E/E

Archive for August, 2013

The Calm Before the Tour

Ants are taking over the house. They know we’re leaving. They scurry in a new way, a way of pride, a way like they know we aren’t going to try to force them off with lemon juice or soapy water or poisons. They think, “We can stay, because you’re leaving.” In the end, in a world of impermanence, the ants win out.

I don’t remember what you’re supposed to do before you leave a place for tour. Cancel things? Gather important papers? And then on top of that not-remembering is me asking my non-remembering self: Do I not remember because life is a blur? Because it doesn’t matter? Because we could just leave, tomorrow, with three things, and be fine?

Or is the memory fog that I am just exhausted (I am exhausted) from a year and a half of switching off nearly-full time jobs with Hawk so the other parent can stay home and raise our son. Which is our preferred method, no doubt – we know our son. We know the cravings of each of his baby molars – raw carrots or ice. We’ve heard practically every single word he’s ever spoken. We’ve watched him develop. We have followed and lived the arc and trace of his obsessions with various wheeled and winged mobile vehicles. He is our son, truly. We raised him. We were poor and we worked our asses off and we did it ourselves. I’m proud of this. But it also meant (and still means, ten days before we leave) that we have no days off together. We have no relaxing family mornings that are not chopped at the seams by responsibility. If we want a family outing, we have to pry it from the cold, dead fingers of being guilt tripped at our jobs for taking time off coupled with a loss of money, money we use to pay rent and buy food and play more shows. It’s exhausting. Whatever form your parenthood takes, it’s exhausting. A new kind of Tired, one where you just keep going.

Now more than ever, I love and appreciate tour, because we get to spend it as a family. For our entire last year and a half we, as a family and thus as a band, have had just hours, collections of ticking clocks and snippets of bonding and getting shit done book-ended by one of both of us charging out the door in weird clothes and hopping in the van and clunking off south down Church Street for work. Every time we have a show, one of us works that morning, sometimes right up til the time we leave. We pack the van in a flurry and cook dinner and welcome and set up the babysitter and get dressed and then soar off. Last week during an interview the interviewer made the connection between our family life and what he called a ‘sense of urgency’ on our record. And it made us laugh. It made sense. Yeah! Give any parents the task of making an album, and it’s going to sound fucking urgent! Ie, Lio’s napping, I need to record this part, please don’t wake up, please let me get a good take, please let me record this before the dog barks and wakes him up. Urgency – a nod of respect to the present and a middle finger to the foot we have anchored to paying rent and working all the time. And that’s why there’s a direct correlation between living your dreams and not wasting them. It’s urgent. For you, for me, for us, for everybody. We don’t get a lot of time together. Not in a day, not in life. You don’t have a lot to start out with and you don’t have a lot at the end of the day. So fuck it, let’s make albums and quit our jobs (again) and go on tour and not know where we’re going to wind up (again). We worked hard so we could do this. We get to do it together.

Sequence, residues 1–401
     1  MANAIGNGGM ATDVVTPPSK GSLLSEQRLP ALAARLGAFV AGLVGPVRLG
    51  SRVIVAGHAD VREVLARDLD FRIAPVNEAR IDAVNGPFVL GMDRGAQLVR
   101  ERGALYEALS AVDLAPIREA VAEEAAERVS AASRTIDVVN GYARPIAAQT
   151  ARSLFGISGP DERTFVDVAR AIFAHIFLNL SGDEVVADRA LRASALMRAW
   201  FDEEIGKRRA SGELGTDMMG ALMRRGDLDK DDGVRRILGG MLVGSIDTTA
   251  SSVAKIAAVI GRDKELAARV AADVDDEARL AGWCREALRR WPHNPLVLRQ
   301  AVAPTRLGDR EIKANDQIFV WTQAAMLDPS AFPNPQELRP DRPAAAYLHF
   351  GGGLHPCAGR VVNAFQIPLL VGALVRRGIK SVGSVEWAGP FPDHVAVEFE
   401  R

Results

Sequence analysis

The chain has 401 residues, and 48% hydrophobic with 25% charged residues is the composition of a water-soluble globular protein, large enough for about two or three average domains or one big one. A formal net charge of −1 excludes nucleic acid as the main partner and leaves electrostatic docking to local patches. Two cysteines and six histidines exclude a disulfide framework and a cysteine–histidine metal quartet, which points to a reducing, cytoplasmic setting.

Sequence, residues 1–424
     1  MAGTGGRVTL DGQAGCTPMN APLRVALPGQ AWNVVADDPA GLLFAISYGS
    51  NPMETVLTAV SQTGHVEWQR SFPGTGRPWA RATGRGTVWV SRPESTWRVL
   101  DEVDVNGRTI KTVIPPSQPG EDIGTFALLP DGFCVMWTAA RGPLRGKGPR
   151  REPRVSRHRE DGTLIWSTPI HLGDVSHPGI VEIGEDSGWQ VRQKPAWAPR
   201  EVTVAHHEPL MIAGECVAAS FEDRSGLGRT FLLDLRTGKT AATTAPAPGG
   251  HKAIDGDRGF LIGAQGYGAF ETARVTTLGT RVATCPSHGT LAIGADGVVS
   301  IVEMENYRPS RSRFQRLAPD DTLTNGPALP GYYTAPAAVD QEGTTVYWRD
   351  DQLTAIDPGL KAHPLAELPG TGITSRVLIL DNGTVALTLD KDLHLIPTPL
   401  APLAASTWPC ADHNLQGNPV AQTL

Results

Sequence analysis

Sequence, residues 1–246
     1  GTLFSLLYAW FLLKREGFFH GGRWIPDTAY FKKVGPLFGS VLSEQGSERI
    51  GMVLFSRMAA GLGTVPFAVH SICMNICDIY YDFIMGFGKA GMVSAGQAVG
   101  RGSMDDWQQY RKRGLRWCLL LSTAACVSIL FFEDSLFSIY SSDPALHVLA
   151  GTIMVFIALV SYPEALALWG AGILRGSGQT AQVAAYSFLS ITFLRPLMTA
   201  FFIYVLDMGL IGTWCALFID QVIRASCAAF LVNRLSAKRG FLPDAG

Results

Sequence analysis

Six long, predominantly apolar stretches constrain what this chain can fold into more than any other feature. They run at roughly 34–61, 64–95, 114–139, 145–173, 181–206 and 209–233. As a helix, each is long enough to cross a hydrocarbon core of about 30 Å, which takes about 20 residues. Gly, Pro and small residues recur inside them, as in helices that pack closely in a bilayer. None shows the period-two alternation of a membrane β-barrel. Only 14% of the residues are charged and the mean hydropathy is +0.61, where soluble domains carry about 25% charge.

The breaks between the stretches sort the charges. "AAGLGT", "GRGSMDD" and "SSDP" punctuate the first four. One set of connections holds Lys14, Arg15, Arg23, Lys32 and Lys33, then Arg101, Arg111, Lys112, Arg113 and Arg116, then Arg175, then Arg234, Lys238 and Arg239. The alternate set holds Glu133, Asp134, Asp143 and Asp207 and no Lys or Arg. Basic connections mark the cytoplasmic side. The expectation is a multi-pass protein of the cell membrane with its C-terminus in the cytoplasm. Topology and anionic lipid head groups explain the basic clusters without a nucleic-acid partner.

What’s coming is tour, our especial time to break free from all earthly constraints as individuals and as a family. Shows are awesome, good things happen, we get to meet great people and reconnect with old friends. But the best part is we’re doing it altogether as a family, mom-dad-son-dog, and we’re a barricade, we’re a force, we’ve got each other. We share it all. We were there for it all. No matter how many good things I have to say when we get home from a tour, the number one thing I tell Hawk is “it’s so awesome we got to spend all our time together, every day.”

So maybe I’m forcing myself to forget. It’s easy to erase the field of technology and jobs and economic society when you’ve been living out of your van for even a few days, and in my mind, I’m already there. In our own heads, we’re gone.

The ants know this, they can sense it, and with no sense of urgency at all they begin to slowly invade and take over the kitchen.

tour before/before tour

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